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Unformatted text preview: White Privilege and Male Privilege: A Personal Account of Coming to See Correspondences Through Work in Women’s Studies Peggy McIntosh Peggy McIntosh compares privileges of being white with male privilege. Both are protected by being denied. Those possessing such privileges, in particular, are taught not to recognize them as such. She lists 46 types of circumstances in which white skin is an unearned advantage. She also lists 8 areas in which being heterosexual is an (unearned) social asset, like white skin in being taken for granted by persons so advantaged. McIntosh is Associate Director of the Center for Research on Women at Wellesley College, Wellesley, MA. Reading Questions 1. Think of some everyday situations where you are advantaged/disadvantaged by race or class. Then compare your list with McIntosh's. What were the highlights of this comparison? 2. Think of some everyday situations in which you are advantaged/disadvantaged by sexual orientation (homosexual or heterosexual). How do your experiences in this area compare with those mentioned by McIntosh? THROUGH WORK to bring materials and perspectives from Women’s Studies into the rest of the curriculum, I have often noticed men’s unwillingness to grant that they are overprivileged in the curriculum, even though they may grant that women are disadvantaged. Denials that amount to taboos surround the subject of advantages that men gain from women’s disadvantages. These denials protect male privilege from being fully recognized, acknowledged, lessened, or ended. Thinking through unacknowledged male privilege as a phenomenon with a life of its own, I realized that since hierarchies in our society are interlocking, there was most likely a phenomenon of white privilege that was similarly denied and protected, but alive and real in its effects. As a white person, I realized I had been taught about racism as something that puts others at a disadvantage, but had been taught not to see one of its corollary aspects, white privilege, which puts me at an advantage. I think whites are carefully taught not to recognize white privilege, as males are taught not to recognize male privilege. So I have begun in an untutored way to ask what it is like to have white privilege. This paper is a partial record of my personal observations and not a scholarly analysis. It is based on my daily experiences within my particular circumstances. I have come to see white privilege as an invisible package of unearned assets that I can count on cashing in each day, but about which I was “meant” to remain oblivious. White privilege is like an invisible weightless knapsack of special provisions, assurances, tools, maps, guides, code-books, passports, visas, clothes, compass, emergency gear, and blank checks....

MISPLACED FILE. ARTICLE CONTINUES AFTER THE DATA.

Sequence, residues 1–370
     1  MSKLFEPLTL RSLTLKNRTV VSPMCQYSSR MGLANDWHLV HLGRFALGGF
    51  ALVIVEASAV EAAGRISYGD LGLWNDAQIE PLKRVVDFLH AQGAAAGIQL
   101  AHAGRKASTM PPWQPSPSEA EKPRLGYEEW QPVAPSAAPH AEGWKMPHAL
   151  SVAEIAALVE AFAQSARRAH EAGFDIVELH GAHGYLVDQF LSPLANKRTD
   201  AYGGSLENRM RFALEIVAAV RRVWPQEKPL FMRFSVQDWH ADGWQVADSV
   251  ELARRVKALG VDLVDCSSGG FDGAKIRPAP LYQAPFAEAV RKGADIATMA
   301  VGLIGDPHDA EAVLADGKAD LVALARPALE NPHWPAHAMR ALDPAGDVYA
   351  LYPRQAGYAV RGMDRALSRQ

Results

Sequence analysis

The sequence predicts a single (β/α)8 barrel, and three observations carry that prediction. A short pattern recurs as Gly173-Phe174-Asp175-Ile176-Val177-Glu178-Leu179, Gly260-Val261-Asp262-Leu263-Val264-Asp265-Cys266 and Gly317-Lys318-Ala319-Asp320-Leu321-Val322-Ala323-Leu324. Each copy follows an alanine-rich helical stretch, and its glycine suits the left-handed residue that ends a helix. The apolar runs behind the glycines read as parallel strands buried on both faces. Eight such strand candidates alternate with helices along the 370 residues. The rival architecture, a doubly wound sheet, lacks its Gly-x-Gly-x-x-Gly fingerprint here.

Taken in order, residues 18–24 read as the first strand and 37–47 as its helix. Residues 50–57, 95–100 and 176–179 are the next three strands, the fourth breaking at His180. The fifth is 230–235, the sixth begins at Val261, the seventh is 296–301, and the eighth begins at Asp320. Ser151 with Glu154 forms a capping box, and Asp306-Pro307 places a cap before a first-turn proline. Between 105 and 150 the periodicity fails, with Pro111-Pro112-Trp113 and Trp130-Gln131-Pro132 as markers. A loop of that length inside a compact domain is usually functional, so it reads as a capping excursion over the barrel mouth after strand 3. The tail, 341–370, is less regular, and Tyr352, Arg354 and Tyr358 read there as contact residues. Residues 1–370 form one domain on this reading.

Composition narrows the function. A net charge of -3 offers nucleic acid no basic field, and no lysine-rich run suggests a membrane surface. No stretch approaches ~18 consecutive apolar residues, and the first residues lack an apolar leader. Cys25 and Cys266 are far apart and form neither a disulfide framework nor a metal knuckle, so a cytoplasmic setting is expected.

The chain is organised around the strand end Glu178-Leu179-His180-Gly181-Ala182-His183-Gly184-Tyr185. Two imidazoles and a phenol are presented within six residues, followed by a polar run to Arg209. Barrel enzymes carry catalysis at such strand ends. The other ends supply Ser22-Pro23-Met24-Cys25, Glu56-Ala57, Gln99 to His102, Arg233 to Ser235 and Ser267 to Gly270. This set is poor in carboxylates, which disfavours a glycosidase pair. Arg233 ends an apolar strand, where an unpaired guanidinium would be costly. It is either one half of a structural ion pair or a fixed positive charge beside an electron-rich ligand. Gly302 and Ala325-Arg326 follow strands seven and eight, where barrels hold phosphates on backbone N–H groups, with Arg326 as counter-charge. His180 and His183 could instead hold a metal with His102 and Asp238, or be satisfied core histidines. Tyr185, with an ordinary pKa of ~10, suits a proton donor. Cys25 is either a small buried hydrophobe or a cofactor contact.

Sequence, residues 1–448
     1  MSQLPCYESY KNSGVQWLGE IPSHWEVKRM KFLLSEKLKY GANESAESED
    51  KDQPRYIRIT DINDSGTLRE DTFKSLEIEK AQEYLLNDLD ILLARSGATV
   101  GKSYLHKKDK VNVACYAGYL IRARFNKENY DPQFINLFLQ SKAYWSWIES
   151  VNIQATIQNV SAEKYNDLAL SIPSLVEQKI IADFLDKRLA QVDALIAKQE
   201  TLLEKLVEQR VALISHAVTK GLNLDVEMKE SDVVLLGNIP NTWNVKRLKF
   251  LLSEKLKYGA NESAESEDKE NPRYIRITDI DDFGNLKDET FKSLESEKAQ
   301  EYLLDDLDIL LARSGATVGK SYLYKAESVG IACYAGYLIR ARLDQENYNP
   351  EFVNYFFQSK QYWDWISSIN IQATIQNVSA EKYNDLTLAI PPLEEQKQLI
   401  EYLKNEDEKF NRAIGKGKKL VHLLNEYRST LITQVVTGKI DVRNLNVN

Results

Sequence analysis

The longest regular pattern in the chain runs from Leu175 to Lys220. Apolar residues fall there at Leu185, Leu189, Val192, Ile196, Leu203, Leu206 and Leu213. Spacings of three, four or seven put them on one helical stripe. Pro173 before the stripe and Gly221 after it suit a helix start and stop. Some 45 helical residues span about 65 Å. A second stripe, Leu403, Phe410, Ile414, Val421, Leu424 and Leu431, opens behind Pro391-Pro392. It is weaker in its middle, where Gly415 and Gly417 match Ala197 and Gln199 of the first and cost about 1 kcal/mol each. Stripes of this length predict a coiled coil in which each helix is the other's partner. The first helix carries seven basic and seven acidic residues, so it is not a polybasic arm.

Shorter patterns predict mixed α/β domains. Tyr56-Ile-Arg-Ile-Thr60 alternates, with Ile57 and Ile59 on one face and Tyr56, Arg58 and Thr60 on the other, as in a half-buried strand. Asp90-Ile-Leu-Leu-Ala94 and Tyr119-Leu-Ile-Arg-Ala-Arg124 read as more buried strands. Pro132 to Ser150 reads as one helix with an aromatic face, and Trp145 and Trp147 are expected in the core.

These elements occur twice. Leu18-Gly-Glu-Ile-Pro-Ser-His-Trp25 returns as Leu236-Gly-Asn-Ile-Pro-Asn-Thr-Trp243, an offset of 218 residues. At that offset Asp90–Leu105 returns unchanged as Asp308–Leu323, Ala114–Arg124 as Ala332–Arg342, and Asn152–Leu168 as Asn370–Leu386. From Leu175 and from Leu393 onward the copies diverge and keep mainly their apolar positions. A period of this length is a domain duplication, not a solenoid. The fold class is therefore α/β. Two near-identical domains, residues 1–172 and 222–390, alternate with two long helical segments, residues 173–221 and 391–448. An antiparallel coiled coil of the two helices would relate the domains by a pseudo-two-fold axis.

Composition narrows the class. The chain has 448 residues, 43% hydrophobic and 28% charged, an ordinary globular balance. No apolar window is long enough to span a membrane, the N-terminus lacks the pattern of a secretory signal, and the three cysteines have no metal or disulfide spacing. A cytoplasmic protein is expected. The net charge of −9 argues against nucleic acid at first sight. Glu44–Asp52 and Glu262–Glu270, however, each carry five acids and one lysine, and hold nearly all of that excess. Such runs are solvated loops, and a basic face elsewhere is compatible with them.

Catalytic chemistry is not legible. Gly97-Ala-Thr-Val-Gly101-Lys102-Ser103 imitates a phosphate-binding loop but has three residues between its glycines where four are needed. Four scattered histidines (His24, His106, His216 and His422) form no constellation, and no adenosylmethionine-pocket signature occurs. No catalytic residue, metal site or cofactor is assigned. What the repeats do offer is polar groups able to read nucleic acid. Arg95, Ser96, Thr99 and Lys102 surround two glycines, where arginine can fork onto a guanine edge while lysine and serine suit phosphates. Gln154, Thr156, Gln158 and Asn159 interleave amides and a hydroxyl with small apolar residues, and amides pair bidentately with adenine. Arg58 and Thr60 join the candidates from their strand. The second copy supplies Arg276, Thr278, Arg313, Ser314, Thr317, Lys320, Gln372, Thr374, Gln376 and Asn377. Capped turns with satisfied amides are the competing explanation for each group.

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- Spring '09
- women’s studies